As rector, were you made aware of any allegations against Daniel McCormack while McCormack was a seminarian at Mundelein Seminary?

At no time while McCormack was a seminarian at Mundelein did I receive any allegation of pedophilia or child molestation against him. I never received any allegation, report or concern about McCormack during his seminary years at Mundelein that involved sexual abuse of anyone.


Can you explain what is documented in the deposition of Cardinal Francis George and the subsequent news stories that cite that you were made aware of three incidents involving Daniel McCormack while he was a seminarian?

I have not read nor do I know any details about the Cardinal’s deposition. I never received any allegation, report or concern about McCormack during his seminary years at Mundelein that involved sexual abuse of anyone.


You said, “I was more concerned about his drinking.” You were more concerned about his drinking than what? Your statement seems to indicate that there were other problems/issues, more than just McCormack’s drinking.

See next answer.


Were you made aware, at any time, while rector, of adult, consensual, homosexual activity on the part of Daniel McCormack, with his peers in the seminary?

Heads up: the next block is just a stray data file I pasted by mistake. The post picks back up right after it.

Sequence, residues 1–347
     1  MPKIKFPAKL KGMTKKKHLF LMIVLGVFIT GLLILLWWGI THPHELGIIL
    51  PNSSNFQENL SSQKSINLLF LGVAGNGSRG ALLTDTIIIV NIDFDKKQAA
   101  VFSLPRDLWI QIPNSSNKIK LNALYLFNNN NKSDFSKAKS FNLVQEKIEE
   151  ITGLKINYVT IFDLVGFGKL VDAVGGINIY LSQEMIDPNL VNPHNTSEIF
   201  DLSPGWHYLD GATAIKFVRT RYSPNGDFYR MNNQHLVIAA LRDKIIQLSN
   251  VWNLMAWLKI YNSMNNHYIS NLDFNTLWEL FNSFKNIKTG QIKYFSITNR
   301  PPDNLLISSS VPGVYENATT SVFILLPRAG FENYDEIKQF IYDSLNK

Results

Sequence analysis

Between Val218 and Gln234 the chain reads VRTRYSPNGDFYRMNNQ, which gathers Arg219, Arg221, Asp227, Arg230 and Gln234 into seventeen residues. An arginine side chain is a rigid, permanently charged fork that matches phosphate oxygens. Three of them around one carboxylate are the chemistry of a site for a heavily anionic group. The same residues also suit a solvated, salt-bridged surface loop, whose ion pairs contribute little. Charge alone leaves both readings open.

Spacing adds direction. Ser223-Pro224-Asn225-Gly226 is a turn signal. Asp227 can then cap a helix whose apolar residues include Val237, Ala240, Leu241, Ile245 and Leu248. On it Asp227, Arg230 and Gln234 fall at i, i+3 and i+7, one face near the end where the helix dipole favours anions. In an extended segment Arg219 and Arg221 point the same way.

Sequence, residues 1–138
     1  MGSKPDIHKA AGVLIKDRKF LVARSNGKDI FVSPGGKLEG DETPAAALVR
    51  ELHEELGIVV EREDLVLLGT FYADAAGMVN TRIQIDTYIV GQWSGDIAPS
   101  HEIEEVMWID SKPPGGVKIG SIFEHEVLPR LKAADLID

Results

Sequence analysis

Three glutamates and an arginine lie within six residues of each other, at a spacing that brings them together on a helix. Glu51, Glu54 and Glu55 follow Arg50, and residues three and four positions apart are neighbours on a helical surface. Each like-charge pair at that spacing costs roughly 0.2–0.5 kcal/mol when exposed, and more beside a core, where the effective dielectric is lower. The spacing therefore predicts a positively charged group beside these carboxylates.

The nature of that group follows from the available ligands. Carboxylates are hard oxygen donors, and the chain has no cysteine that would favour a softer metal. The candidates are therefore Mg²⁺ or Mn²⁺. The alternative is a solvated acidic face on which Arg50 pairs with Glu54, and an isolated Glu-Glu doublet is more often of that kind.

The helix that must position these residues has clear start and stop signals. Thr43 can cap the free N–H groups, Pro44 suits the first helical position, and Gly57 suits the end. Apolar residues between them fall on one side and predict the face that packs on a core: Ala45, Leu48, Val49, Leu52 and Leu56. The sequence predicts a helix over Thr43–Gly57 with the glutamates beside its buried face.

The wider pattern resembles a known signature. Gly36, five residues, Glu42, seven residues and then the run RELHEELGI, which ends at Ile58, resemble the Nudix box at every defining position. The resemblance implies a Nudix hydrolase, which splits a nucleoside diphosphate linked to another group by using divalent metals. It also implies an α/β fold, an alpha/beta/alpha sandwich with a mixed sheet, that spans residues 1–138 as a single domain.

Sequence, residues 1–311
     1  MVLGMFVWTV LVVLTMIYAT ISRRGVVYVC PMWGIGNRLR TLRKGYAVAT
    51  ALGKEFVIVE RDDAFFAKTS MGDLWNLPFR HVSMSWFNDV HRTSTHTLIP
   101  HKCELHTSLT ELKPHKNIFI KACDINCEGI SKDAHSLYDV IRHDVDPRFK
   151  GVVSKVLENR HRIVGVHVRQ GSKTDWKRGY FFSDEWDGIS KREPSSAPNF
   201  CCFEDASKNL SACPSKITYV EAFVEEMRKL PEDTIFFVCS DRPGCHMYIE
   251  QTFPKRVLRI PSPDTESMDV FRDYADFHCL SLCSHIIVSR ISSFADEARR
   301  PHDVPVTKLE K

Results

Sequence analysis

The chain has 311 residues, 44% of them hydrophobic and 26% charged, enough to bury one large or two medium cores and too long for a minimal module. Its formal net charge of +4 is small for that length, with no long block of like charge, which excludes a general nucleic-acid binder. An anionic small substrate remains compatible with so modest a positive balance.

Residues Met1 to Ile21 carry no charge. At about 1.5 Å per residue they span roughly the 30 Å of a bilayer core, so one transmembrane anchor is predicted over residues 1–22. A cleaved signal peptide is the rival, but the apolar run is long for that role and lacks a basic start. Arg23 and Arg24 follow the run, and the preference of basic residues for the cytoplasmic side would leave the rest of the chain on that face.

Outside the Sacrament of Reconciliation, any sexual experience of a seminarian that the Mundelein seminary administration learned about would have been subject to evaluation and would have been a possible cause for dismissal. First, if any sexual experience of a seminarian involved pedophilia or child molestation, that would have been reported to law enforcement and would have led to the dismissal of the seminarian, disqualifying the seminarian from any possibility of ordination. Second, any sexual experience of a seminarian with another person concurrent to his time at Mundelein seminary would have led to the dismissal of the seminarian. Third, any sexual experience of a seminarian that took place before his admission to Mundelein would have been evaluated strictly in light of the norms in effect at that time. It would have been evaluated to determine if the experience indicated any risk to persons and to determine if the experience indicated that the seminarian would not be able to live out his commitment to a celibate life. Had there been any negative determinations in any of these areas, the seminarian would not have been recommended for ordination.